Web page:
Experts at Montefiore Medical Center urge the general public to be tested for the Hepatitis C virus, especially baby boomers, adults born between 1946-1964, who could be most at risk for this disease. Baby boomers are more likely to have been exposed to dangerous risk factors decades ago, such as sharing a drug needle, being tattooed or pierced with unsterilized tools or receiving a tainted blood transfusion. The disease often has no symptoms, and if untreated, can lead to chronic infection that can scar the liver, cause liver failure or cancer and potentially lead to liver transplantation.
Hepatitis C virus (HCV) is the most common chronic blood borne infection in the United States, with 35,000 to 185,000 new cases diagnosed per year. Worldwide, 180 million people are chronically infected with Hepatitis C, with an estimated 3-4 million new cases reported each year. The disease particularly affects minorities, Hispanics, Asian-Americans and African-Americans.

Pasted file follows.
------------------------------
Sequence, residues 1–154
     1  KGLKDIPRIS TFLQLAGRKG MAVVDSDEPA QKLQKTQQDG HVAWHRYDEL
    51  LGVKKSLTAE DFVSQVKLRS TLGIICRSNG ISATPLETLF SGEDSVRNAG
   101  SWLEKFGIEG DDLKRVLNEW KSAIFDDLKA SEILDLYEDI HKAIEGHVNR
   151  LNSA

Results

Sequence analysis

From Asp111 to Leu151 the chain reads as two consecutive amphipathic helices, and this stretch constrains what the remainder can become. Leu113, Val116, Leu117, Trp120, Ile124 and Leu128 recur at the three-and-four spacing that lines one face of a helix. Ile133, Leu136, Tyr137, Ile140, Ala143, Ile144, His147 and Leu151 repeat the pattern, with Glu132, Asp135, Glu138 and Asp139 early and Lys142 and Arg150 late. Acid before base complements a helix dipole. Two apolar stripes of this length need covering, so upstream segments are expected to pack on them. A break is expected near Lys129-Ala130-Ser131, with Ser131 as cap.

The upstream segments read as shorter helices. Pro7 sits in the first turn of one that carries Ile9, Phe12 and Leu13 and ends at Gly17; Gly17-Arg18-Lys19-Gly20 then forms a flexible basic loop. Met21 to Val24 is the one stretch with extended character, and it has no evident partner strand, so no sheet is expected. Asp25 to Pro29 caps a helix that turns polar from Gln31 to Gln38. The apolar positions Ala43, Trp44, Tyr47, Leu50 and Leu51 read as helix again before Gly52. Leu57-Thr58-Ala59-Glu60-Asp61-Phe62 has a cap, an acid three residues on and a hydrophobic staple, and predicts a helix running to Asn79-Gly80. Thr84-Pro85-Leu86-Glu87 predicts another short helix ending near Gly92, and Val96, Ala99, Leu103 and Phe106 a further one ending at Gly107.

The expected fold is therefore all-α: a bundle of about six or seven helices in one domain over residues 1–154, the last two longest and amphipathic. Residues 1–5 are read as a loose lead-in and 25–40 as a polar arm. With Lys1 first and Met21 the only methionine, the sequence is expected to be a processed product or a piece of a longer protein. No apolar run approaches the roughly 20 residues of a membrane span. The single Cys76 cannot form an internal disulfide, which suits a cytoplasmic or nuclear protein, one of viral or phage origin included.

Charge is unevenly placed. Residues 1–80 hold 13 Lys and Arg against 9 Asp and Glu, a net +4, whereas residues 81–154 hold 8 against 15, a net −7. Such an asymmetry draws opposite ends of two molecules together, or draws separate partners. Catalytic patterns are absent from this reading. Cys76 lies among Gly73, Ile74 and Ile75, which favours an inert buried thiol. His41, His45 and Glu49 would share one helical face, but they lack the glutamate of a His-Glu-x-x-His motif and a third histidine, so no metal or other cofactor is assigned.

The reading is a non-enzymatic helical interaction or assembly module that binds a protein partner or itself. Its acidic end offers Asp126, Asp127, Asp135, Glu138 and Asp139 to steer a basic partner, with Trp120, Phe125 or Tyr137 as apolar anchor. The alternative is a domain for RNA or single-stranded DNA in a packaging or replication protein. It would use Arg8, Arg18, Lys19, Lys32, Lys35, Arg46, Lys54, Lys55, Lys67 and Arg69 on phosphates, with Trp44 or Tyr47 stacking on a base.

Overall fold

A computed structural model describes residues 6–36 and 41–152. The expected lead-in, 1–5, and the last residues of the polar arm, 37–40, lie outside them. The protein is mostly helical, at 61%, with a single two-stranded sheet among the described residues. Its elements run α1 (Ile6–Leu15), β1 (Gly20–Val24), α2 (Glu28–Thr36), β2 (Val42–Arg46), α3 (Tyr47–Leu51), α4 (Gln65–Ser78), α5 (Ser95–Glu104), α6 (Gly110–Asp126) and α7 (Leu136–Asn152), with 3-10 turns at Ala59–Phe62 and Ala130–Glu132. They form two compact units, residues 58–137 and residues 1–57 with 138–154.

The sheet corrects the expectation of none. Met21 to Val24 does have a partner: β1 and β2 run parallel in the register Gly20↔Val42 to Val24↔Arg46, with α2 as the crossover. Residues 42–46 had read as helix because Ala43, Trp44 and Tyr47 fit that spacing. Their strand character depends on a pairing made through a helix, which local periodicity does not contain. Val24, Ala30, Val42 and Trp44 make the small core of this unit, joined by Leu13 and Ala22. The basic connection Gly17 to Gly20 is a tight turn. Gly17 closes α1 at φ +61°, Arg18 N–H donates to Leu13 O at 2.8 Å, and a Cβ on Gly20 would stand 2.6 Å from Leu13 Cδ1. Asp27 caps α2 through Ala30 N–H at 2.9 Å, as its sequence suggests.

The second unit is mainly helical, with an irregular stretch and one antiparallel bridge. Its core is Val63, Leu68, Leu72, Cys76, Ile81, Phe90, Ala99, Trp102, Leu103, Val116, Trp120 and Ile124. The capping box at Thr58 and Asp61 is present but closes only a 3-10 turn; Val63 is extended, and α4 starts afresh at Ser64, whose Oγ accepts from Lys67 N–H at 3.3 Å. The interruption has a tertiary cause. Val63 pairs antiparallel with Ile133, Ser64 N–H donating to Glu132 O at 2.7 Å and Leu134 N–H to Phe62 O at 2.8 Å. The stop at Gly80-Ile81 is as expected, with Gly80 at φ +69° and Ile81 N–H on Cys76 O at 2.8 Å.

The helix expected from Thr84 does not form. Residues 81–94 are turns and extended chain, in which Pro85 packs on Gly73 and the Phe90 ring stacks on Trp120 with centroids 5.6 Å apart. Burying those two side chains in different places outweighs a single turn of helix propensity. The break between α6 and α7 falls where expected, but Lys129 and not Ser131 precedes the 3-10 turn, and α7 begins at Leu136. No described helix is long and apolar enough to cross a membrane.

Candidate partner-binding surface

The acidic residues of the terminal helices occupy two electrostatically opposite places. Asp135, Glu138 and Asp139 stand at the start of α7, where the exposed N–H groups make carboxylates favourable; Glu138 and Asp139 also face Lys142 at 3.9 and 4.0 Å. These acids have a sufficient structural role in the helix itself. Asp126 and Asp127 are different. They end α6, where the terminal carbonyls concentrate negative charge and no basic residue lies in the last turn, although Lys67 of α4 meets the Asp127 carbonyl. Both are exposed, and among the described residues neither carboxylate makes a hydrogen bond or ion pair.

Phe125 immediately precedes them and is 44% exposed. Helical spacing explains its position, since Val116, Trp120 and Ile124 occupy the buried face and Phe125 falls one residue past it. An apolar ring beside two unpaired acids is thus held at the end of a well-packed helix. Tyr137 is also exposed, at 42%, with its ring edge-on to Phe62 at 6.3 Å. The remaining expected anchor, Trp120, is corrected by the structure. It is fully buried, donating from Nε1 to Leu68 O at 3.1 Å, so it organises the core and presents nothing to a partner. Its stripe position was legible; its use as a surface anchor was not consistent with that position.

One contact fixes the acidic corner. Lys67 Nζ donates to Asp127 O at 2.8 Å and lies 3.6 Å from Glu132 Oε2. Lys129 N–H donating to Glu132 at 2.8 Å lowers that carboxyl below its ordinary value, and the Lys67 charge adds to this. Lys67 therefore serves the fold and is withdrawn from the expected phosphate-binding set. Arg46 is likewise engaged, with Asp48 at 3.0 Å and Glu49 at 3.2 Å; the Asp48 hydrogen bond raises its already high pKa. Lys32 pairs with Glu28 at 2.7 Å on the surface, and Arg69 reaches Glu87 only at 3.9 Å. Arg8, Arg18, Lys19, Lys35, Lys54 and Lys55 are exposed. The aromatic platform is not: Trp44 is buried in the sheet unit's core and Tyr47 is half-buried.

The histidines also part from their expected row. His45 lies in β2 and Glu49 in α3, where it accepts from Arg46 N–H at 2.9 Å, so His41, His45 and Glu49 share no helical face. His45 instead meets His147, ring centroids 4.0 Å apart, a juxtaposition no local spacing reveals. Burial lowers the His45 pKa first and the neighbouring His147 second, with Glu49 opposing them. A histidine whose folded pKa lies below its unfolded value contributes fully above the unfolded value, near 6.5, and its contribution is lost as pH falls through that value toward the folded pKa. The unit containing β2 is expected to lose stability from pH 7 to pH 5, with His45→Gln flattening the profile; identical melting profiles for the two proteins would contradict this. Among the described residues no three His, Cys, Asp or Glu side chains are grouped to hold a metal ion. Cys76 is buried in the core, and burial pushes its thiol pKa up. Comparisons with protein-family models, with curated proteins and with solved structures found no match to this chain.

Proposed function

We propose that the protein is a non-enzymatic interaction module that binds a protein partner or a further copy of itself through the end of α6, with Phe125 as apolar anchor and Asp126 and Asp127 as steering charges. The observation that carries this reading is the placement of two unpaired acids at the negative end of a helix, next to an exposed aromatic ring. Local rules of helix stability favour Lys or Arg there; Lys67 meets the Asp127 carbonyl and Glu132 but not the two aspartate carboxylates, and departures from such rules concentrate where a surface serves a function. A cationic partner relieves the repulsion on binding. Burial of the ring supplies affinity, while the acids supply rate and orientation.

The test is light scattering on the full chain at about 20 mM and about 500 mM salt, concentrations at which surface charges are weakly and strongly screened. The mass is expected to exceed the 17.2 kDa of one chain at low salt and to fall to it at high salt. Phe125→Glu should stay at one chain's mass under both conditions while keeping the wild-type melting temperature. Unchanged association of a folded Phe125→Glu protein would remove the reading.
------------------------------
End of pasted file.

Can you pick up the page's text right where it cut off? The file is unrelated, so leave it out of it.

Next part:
“This disease has grown to epidemic proportions, with 350,000 people around the world dying from Hepatitis C-related liver disease,” said Milan Kinkhabwala, MD, Chief, Division of Transplantation at the Montefiore Einstein Center for Transplantation. “But it is called the ‘silent killer’ because many people don’t even know they have it. This condition can be asymptomatic for decades and then present itself when it has already severely damaged the liver.”